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North Frisian As An Endangered Language

3690 words - 15 pages

North Frisian as an Endangered Language
Despite the North Frisian language being classified as an endangered minority language confined to a small region in Northern Germany and having fewer speakers annually, as newer generations are born and learn more established Germanic dialects, there is a strong movement dedicated to preserving the language from the German government as well as international organizations through the implementation of academic programs, transcription of manuscripts, dictionaries, and literature, and extensive assistance from existing native speakers, which intends to maintain an active interest in and use of the language.
A language becomes endangered when its ...view middle of the document...

Conversely, some languages might have thousands of speakers but may be considered endangered because children are no longer learning them, and native speakers are beginning to use a more established language over the local dialect. The United Nations Educational, Scientific and Cultural Organization has defined an endangered language as a point when its speakers cease to use it, use it in an increasingly reduced number of communicative domains, and cease to pass it on from one generation to the next leading to no new speakers (UNESCO 2). UNESCO also distinguishes four levels of endangerment, with a fifth level being extinction. These levels of endangerment begin by classifying a language as “vulnerable,” where most children speak the language, but it may be restricted to certain domains, then onto “definitely endangered,” where children no longer learn the language as mother tongue in the home, eventually “severely endangered,” where the language is spoken by grandparents and older generations; while the parent generation may understand it, they do not speak it to children or among themselves, and lastly “critically endangered,” where the youngest speakers are grandparents and older, and they speak the language partially and infrequently (Moseley). Many speech communities of minority languages are shrinking and their languages will ultimately vanish, if these developments are not reversed, or preservation attempts not conducted.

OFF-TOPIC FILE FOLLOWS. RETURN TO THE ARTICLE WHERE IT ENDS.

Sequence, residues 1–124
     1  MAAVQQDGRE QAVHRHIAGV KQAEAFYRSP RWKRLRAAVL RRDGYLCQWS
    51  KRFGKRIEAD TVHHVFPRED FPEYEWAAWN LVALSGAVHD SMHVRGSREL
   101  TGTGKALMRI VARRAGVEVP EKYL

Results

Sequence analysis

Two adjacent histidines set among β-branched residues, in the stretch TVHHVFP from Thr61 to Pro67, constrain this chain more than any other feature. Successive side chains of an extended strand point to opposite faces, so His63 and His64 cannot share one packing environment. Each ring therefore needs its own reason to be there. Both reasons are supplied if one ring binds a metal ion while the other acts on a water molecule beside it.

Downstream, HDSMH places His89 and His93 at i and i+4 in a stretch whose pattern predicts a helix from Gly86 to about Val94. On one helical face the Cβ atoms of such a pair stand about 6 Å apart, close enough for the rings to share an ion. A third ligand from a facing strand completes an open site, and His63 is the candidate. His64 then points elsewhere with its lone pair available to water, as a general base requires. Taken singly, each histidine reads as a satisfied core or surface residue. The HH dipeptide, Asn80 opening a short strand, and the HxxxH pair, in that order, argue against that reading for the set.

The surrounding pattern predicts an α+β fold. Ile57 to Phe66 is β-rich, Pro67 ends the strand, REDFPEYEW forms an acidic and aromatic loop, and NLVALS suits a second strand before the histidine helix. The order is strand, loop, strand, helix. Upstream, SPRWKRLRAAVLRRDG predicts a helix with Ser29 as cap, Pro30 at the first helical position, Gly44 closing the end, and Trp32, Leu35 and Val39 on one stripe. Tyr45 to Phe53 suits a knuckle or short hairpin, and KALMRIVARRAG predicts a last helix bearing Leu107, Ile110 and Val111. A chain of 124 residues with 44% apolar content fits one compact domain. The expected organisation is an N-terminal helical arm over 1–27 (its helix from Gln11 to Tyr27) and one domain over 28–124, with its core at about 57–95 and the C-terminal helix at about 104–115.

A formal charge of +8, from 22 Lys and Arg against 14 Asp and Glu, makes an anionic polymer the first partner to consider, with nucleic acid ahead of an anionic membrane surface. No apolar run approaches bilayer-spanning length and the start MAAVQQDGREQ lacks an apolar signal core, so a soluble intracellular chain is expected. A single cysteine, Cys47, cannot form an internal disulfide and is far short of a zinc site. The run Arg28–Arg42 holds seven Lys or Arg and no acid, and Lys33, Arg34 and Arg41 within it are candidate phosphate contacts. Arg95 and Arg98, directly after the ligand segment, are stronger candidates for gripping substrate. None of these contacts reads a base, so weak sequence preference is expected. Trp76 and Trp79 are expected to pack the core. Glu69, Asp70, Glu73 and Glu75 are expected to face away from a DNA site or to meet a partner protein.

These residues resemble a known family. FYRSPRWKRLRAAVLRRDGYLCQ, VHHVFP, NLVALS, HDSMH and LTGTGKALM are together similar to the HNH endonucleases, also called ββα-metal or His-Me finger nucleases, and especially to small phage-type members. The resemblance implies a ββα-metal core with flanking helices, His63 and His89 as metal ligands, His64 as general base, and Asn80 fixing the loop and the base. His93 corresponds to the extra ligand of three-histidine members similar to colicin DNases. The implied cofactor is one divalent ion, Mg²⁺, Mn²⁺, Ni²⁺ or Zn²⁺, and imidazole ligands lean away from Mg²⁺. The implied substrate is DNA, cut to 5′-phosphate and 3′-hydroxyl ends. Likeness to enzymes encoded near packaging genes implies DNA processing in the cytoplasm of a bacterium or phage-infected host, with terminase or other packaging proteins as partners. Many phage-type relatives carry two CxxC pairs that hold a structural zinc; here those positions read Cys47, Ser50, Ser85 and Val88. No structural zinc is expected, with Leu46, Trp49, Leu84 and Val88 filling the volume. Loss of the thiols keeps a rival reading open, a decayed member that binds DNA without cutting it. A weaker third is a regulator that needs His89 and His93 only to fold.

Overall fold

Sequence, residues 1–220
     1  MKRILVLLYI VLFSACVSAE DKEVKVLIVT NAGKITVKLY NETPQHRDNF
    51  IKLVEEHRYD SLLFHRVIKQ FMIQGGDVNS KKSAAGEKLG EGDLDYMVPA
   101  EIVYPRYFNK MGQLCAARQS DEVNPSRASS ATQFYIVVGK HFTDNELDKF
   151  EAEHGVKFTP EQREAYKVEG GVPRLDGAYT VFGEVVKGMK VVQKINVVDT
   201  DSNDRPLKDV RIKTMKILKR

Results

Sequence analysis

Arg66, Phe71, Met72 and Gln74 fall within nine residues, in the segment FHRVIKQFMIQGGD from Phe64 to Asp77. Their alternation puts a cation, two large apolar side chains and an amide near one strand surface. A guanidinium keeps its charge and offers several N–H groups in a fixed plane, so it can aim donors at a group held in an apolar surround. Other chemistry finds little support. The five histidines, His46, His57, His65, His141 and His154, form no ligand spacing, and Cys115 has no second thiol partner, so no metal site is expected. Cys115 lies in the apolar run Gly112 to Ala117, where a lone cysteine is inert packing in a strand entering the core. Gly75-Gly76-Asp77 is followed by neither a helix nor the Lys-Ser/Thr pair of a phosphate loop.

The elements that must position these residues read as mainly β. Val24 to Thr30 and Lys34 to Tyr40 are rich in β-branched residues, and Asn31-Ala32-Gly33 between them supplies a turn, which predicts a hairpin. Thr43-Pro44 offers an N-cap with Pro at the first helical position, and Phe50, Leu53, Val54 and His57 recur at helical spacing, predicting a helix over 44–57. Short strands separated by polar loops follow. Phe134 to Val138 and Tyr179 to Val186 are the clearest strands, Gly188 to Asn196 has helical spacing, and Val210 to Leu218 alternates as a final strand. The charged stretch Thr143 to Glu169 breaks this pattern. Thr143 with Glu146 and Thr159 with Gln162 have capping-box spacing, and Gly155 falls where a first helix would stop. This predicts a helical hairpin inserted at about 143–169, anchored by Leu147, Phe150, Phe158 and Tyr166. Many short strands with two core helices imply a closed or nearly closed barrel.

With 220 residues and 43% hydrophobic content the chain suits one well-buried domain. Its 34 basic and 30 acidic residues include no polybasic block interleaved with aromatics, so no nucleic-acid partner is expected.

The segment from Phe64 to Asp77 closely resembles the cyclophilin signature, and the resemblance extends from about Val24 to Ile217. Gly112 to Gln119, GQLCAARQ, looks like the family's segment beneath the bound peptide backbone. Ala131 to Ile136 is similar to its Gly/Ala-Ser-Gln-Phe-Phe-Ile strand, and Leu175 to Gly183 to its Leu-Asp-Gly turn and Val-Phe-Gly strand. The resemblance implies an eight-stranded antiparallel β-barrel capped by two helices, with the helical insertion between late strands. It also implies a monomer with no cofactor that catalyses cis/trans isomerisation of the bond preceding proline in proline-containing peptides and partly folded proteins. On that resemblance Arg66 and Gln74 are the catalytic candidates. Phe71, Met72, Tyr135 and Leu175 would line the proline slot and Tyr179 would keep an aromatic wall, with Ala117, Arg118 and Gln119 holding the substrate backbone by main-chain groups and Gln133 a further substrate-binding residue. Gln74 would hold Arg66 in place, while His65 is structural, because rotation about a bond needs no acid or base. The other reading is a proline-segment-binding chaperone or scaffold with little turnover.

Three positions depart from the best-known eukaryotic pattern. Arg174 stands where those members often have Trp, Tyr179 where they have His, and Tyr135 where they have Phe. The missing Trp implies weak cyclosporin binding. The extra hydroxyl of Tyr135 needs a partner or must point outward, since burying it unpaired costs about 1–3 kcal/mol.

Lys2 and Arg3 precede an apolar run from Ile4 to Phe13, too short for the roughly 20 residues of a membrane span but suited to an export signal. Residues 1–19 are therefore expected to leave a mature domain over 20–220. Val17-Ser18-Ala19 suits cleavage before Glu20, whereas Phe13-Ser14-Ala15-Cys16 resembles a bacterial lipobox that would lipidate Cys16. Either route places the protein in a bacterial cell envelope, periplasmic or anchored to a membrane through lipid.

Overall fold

There are notable trends that have been established as reasons why a language might become endangered. Language endangerment may be caused primarily by external forces such as military, economic, religious, cultural, or educational subjugation. It may also be caused by internal forces, such as a community’s negative attitude towards its own language or by a general decline of group identity. Internal pressures always derive from external factors (Brenzinger and Graaf 3). One other factor that aids in endangering languages is globalization, in that nations implement more established languages that are viewed as universal, in order to communicate with other nations for the sake of domestic and foreign interests. There are many languages around the world that feel threatened by the encroachment of other larger languages. As English and other official languages gain more dominance in the world of trade and technology, other more established languages like Dutch and Danish begin to feel threatened (Tiersma 8). Due to globalization, parents are making their children speak a more established language that would increase their potential for a future job and education instead of a language that has been part of their heritage. This process leads to the loss of entire cultures when a language becomes endangered and eventually extinct, as there are stories, songs, histories, and documents that are no longer being passed on to future generations.
The Frisian dialects are members of the Germanic family of languages, and are the...

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